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Some Advice from Mother Church, as Pictured in the Book of Ruth

August 24, 2017 6 Comments
Some Advice from Mother Church, as Pictured in the Book of Ruth

Given our brief sampling of the Book of Ruth in daily Mass, perhaps a reflection is in order. The detailed background to the text is too lengthy to go into here, but a few points will help. The story features three main characters: Boaz, Ruth, and Naomi. Boaz is clearly a picture (or “type”) of […]

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If You Truly Want to Have Something, Lose It – A Mediation on the Economics of the Kingdom

August 10, 2017 1 Comment
If You Truly Want to Have Something, Lose It – A Mediation on the Economics of the Kingdom

The Feast of St. Lawrence, deacon and martyr, contains an important teaching on the economics of the Kingdom of God. As you might guess, they are quite paradoxical. The teachings come to us both through St. Lawrence’s life and the particular readings selected for his feast. When a persecution broke out in Rome in 257 […]

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Finding the Church in a Bach Fugue

July 31, 2017
Finding the Church in a Bach Fugue

Many of you have likely read the classic description of the Church from the 1951 novel Dan England and the Noonday Devil, by Myles Connolly. It is a wonderful reminder that the Church is not an institution, but a Body, made up of members who, each in his own unique way, give witness to the […]

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Suffering for the Gospel: Pondering a Picture of Apostolic Times

July 25, 2017 2 Comments
Suffering for the Gospel: Pondering a Picture of Apostolic Times

Writing as I am on the Feast of Saint James, likely the first Apostle to be martyred, I’d like to ponder the kinds of sufferings the Apostles endured in order to announce the Gospel and win souls for Christ. In the “softer” Church of the declining West, it is hard for us even to imagine. […]

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A Magnificent Description of the Immigrant Church of 1900-1950

July 2, 2017 4 Comments
A Magnificent Description of the Immigrant Church of 1900-1950

The great influx of Catholic immigrants from Europe brought exponential growth to the Catholic population of this country, making Catholicism the single largest religious group by far. Those Catholic immigrants gathered together in ethnic parishes, creating ethnic neighborhoods in which faith and culture were knitted together. They sought survival in a land that seemed at […]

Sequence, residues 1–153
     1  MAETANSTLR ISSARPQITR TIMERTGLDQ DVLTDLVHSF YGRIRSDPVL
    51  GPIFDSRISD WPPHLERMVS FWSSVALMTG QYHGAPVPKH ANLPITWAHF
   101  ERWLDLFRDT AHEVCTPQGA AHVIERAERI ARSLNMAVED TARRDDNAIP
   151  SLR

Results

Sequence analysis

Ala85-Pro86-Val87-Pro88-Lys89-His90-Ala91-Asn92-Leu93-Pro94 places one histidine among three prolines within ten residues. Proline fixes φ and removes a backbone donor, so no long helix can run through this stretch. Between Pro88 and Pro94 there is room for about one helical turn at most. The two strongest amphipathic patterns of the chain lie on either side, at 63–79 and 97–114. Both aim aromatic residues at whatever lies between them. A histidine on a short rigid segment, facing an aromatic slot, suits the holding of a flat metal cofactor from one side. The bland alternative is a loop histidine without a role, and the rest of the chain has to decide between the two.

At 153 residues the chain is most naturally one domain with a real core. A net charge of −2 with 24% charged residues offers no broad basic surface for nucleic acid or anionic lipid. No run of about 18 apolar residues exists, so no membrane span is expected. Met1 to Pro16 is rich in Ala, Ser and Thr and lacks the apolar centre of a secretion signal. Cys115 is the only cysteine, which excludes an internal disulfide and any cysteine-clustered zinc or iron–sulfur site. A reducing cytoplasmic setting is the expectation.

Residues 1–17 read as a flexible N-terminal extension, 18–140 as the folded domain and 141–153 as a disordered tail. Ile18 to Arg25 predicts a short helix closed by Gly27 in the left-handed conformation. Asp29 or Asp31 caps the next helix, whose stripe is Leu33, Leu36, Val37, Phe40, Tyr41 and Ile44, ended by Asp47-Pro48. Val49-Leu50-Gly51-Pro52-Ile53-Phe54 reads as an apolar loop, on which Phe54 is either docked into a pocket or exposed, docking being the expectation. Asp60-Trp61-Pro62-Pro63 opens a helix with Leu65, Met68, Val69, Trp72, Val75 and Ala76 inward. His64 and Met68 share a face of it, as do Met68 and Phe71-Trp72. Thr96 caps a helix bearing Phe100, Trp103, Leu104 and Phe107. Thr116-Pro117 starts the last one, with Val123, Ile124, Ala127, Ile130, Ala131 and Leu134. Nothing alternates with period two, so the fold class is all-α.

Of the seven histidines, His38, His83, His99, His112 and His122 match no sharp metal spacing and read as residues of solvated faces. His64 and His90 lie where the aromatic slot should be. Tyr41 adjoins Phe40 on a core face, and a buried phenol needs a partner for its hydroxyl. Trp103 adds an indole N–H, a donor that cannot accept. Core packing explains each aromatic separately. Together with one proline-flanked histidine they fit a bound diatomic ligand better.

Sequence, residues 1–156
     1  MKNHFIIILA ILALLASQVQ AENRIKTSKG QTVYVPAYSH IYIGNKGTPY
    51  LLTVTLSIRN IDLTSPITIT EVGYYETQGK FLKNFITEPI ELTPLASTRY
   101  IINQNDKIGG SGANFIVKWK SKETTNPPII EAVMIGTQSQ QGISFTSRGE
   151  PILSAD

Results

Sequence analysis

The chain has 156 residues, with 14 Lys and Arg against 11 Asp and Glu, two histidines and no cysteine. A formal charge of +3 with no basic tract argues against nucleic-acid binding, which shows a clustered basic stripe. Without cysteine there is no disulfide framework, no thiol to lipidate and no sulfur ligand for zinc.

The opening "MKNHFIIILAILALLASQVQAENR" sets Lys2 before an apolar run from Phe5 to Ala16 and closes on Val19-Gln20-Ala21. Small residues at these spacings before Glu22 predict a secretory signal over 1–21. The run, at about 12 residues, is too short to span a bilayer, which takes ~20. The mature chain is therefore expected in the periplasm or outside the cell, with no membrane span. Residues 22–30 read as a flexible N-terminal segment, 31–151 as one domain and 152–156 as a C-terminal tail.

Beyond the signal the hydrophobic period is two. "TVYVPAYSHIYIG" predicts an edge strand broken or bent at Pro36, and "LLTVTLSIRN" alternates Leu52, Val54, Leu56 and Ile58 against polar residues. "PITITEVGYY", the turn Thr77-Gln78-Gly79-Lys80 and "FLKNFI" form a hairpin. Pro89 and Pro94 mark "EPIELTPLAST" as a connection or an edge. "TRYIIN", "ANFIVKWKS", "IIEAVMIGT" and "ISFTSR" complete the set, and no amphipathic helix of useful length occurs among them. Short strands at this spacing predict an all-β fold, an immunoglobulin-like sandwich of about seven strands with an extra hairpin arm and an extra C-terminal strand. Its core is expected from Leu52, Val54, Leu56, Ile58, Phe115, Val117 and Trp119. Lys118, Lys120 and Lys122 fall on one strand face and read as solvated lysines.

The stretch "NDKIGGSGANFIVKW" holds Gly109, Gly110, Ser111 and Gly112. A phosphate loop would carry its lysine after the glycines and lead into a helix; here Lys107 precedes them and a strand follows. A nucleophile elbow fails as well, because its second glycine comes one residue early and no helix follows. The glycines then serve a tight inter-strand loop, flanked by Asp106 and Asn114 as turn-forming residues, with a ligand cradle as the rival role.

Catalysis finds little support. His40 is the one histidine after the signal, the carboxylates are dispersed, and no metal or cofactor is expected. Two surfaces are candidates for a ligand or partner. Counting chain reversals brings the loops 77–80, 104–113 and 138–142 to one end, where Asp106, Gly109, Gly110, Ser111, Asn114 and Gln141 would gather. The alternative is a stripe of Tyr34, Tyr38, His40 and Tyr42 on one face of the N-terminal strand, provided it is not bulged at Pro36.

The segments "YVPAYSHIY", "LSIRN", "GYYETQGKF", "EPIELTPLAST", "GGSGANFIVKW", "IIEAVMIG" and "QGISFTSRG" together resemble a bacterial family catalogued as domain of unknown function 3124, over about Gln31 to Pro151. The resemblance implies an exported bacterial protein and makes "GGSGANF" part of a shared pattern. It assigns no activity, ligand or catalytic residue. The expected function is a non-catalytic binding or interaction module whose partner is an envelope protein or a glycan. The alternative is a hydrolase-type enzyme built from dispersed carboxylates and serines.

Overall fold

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One, Holy, Catholic, Apostolic, and Organized! A Biblical Picture of the Early Church in Miniature

September 19, 2016 0 Comments
One, Holy, Catholic, Apostolic, and Organized! A Biblical Picture of the Early Church in Miniature

I’d like to return to a brief Gospel that was read last week at daily Mass (Friday of the 24th Week of the Year). Though terse to the point of leaving a preacher wondering what to say, it actually paints a beautiful picture of the Church. Here is that short passage, followed by some commentary. […]

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Accepting the Disabled in a World Obsessed with Physical Perfection

June 15, 2016 2 Comments
Accepting the Disabled in a World Obsessed with Physical Perfection

As mentioned in yesterday’s post, Pope Francis recently lamented the obsession of modern society with perfect bodies. Although our first thought on contemplating this might be cosmetics and plastic surgery, he was actually speaking about our increasing rejection of the disabled and the sick. This rejection is perhaps most sadly evidenced by the fact that […]

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Love and Lament Alike – A Brief Reflection for All Who Care About the Church

November 9, 2015 10 Comments
Love and Lament Alike – A Brief Reflection for All Who Care About the Church

As a priest and pastor I work very closely with others: clergy, religious, laity who work for the Church, and laity who volunteer. We all work for the Church because we love her and her people. But along with that love comes, at times, disappointment, hurt, or even disillusionment. Perhaps these feelings result from issues […]

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